No, Gay Hookup Site Did Not Do a Deal with a Gospel Choir

Ok, there weren't evil hate-mongering, gospel-singing homophobes cashing in on Manhunt, like we originally reported. As for the site's new redesign, Manhunt's CEO hates it as much as everyone else.

We had a nice chat with Jonathan Crutchley, the CEO of Manhunt.net's parent company Online Buddies Inc (nope, never saw that name on our credit card statement) and one of John McCain's most controversial contributors. Crutchley didn't have nice things to say about the site, which has the gays who go there to get laid in an uproar.

"I share your pain," he said about the new version of the site. "It's new to me. I don't like it either, but you get used to it." Asked if he's found anyone since the relaunch earlier this summer he said, "Of course."

As for our tale of evil gay-hating gospel singers cashing in on Manhunt.com, it's just not true. Crutchley told us that when the company tried to claim Manhunt.com back in 1998, but it was taken, so they got Manhunt.net instead. In 2001 they launched the popular website and trademarked using the name Manhunt for gay dating website. The company approached the gospel singers about buying the Manhunt.com domain name, but they said they were using it.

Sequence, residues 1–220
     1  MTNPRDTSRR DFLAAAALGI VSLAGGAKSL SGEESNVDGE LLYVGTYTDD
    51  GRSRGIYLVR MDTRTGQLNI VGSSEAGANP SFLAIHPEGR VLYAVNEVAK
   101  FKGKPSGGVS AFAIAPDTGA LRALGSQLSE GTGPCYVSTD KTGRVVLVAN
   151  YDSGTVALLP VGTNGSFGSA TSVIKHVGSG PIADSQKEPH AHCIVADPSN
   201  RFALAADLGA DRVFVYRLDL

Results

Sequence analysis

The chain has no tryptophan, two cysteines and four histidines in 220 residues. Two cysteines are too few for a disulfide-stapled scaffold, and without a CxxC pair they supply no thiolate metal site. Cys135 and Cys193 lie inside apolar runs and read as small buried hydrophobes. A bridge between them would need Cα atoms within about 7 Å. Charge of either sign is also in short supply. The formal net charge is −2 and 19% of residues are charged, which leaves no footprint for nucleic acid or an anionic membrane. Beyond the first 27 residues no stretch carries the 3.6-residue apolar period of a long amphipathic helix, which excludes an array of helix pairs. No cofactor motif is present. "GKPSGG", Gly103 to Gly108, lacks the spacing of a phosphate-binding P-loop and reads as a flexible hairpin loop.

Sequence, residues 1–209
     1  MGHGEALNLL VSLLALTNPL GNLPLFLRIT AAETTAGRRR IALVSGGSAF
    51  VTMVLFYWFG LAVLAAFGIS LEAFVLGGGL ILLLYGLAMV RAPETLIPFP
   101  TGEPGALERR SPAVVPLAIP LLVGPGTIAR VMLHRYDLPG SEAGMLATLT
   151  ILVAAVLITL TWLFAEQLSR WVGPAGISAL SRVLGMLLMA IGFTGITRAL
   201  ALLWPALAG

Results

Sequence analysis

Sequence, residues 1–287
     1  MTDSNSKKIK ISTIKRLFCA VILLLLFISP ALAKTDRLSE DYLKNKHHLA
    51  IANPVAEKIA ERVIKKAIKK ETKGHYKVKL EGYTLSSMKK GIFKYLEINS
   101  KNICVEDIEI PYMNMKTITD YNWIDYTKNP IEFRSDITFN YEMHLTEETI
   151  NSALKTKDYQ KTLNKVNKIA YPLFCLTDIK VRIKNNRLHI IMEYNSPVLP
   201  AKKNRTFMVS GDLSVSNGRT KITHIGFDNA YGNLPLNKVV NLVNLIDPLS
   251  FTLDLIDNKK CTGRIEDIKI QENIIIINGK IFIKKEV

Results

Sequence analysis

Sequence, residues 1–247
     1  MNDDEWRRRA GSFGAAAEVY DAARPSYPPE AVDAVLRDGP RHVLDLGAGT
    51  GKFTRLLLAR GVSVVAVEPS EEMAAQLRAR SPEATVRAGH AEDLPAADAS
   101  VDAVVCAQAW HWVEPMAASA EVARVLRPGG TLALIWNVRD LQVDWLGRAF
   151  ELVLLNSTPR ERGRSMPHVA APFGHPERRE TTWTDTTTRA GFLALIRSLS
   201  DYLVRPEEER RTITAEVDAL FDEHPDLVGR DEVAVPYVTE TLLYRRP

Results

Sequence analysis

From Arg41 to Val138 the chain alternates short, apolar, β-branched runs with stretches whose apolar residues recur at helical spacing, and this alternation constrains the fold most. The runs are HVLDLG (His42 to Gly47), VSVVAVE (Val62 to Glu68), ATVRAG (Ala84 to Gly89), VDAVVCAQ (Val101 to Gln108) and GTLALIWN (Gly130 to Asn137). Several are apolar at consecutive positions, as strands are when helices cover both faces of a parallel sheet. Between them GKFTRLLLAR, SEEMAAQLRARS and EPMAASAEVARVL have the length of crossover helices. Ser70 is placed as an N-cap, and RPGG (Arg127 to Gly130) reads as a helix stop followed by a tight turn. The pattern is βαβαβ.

In 2006, the group stopped using the site and the domain name fell into the hands of Crazy Calm Media, who used Manhunt.com to link to their sex and hookup sites, including Bareback.com [NSFW, unless you work at a bathhouse]. In 2007, Online Buddies sued them for trademark infringement and won. Part of the settlement was ownership of the domain name, which now redirects traffic to Manhunt.net.

Yeah, way more boring than the original story. Now we're going to go and use Manhunt to see if we get used to it like Crutchley says we will. It's research, people. Research!